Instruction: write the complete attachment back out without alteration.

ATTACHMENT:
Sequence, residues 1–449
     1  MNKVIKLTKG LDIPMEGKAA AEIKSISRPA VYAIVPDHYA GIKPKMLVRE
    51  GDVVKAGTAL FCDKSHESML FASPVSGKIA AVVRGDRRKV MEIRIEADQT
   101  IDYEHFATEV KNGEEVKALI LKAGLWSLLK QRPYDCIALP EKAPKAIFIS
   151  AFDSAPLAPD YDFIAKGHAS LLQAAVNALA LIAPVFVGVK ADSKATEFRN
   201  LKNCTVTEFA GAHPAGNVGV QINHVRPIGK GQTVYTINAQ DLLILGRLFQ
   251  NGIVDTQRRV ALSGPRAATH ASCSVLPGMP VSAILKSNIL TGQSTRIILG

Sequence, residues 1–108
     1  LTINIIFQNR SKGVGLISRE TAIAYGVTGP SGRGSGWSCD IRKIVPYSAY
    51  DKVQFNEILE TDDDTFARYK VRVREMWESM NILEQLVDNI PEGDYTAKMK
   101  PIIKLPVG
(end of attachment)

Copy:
Sequence, residues 1–449
     1  MNKVIKLTKG LDIPMEGKAA AEIKSISRPA VYAIVPDHYA GIKPKMLVRE
    51  GDVVKAGTAL FCDKSHESML FASPVSGKIA AVVRGDRRKV MEIRIEADQT
   101  IDYEHFATEV KNGEEVKALI LKAGLWSLLK QRPYDCIALP EKAPKAIFIS
   151  AFDSAPLAPD YDFIAKGHAS LLQAAVNALA LIAPVFVGVK ADSKATEFRN
   201  LKNCTVTEFA GAHPAGNVGV QINHVRPIGK GQTVYTINAQ DLLILGRLFQ
   251  NGIVDTQRRV ALSGPRAATH ASCSVLPGMP VSAILKSNIL TGQSTRIILG

Sequence, residues 1–108
     1  LTINIIFQNR SKGVGLISRE TAIAYGVTGP SGRGSGWSCD IRKIVPYSAY
    51  DKVQFNEILE TDDDTFARYK VRVREMWESM NILEQLVDNI PEGDYTAKMK
   101  PIIKLPVG